public access, there are significant economic and intellectual property considerations. The value ofOptical Society of America
creating a peer-reviewed article for NIH to post entails significant costs. Who will pay for theAcoustical Society of America
value added to a research article after an author submits his/her manuscript to a publisher? Up toThe Society of Rheology
the present time, the answer to this question has been the scientific publisher. Scientific publishersAmerican Association of
(both for-profit and nonprofit) invest considerable resources in the peer review, editorial,Physics Teachers
production, distribution and archival processes that underpin quality journals. In exchange for thisAmerican Crystallographic
added value, publishers are compensated under a variety of standard and innovative businessAssociation
models. The models typically involve a) the reader paying (through institutional or individualAmerican Astronomical Society
subscriptions) or b) the author paying (by open access fees or page charges) or c) third-partyAmerican Association of
Physicists in Medicine payments (for example advertising or subsidies) or d) a combination of all of these.
AVS The Science and
Technology Society
American Geophysical Union
1 AIP explicitly allows authors to deposit their articles to PubMed Central with full
Other Member Organizations:
authorization to make the articles publicly available after a twelve-month waiting period.
Sigma Pi Sigma Physics Authors may also choose to publish their articles before the twelve-month period has
Honor Society
expired by paying AIP’s “Author Select” open access fee. AIP also offers to make the
Society of Physics Students
deposit to NIH on behalf of the author, thereby ensuring that “the record of science” is
Corporate Associates not distorted by having multiple versions of the final, published article.Somehow the economic loss from the NIH taking of the publisher-paid, peer-reviewed articles, and, if
used, the desirable NIH posting of a copy of the version of record article, needs to be compensated. NIH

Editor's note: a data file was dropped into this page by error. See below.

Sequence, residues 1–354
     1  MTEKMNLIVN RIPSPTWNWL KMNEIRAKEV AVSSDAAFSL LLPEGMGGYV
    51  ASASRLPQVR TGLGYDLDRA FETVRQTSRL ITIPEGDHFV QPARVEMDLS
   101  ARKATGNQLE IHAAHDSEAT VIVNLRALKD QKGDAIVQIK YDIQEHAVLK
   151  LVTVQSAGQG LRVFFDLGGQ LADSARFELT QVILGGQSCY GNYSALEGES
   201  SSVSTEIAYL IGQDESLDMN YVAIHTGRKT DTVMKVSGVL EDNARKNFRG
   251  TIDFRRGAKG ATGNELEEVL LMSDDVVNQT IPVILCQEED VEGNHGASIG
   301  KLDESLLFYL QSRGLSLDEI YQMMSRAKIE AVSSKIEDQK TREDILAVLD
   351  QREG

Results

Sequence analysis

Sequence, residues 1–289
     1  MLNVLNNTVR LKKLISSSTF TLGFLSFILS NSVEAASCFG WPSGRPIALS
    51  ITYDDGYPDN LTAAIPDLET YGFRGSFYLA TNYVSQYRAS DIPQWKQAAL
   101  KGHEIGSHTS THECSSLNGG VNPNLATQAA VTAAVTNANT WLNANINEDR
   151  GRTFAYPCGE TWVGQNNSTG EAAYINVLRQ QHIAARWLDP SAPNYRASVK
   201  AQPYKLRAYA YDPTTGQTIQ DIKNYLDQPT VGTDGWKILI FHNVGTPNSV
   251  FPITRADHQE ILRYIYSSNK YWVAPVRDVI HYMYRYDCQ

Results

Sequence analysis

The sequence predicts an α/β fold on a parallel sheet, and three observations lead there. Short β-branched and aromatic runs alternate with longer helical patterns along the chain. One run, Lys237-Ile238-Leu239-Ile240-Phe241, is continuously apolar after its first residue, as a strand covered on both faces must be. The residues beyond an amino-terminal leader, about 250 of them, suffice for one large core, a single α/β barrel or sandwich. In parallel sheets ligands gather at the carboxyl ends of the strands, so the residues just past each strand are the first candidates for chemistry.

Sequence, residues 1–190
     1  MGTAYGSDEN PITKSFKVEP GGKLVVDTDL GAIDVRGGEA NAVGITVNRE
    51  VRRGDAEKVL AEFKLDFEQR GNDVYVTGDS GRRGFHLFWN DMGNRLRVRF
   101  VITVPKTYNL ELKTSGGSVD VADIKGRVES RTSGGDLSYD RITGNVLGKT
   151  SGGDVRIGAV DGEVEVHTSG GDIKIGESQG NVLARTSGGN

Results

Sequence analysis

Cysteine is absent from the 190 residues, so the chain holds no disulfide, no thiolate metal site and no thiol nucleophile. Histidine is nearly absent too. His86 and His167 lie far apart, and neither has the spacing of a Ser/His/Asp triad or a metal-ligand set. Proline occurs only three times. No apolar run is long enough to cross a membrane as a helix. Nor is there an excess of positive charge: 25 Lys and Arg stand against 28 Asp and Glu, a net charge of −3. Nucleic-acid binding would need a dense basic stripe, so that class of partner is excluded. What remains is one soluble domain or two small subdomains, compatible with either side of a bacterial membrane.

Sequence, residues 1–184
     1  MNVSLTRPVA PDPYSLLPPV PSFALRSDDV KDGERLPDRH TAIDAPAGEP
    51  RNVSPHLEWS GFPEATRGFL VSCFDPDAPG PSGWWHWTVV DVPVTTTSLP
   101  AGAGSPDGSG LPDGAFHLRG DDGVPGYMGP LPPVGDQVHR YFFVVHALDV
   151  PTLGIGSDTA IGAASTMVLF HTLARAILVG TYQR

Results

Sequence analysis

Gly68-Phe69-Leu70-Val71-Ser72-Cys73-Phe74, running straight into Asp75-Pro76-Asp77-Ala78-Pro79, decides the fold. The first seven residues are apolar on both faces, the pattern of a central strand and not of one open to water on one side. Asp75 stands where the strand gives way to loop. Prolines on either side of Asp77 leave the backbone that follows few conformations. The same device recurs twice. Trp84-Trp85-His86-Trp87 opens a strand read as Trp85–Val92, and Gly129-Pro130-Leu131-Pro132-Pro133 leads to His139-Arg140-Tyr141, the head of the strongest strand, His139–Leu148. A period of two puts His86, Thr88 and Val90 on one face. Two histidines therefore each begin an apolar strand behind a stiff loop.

should make it very clear that author payment of publication fees for NIH posted articles are not only an
allowable grant expense, but that funds are specifically provided for such publication. NIH should budget
for such publication fees.
AIP, as well as Congress, are concerned about how NIH will respect the vital intellectual property rights
inherent in the copyright publishers obtain from authors. While NIH has been very careful to-date to put
the onus of respecting copyright onto the author, a likely result may be to undermine the ability of authors
to transfer the needed rights to a publisher. But AIP is willing to provide the NIH (and authors) simple and
streamlined methods of depositing the final, copyrighted, peer-reviewed and as-published version of
articles. In return, AIP asks that NIH provide proper links to the published version of record and facilitate
the payment of author fees.
For NIH to effectively implement the policy, NIH should address both the needs of the public for access
and the continuing need for a vibrant scientific publishing enterprise. NIH should engage with scientific
publishers and follow the full rulemaking process that the federal government has put in place for
implementing new rules that have significant impact on the private sector. Without careful review,
comment, negotiation, and implementation of NIH’s public access policy, some well-established and
respected scientific journals might be so strained by government competition that publishers will be forced
to cease or restrict their publication. Presumably, this is not NIH’s purpose.
Sincerely,
H. Frederick Dylla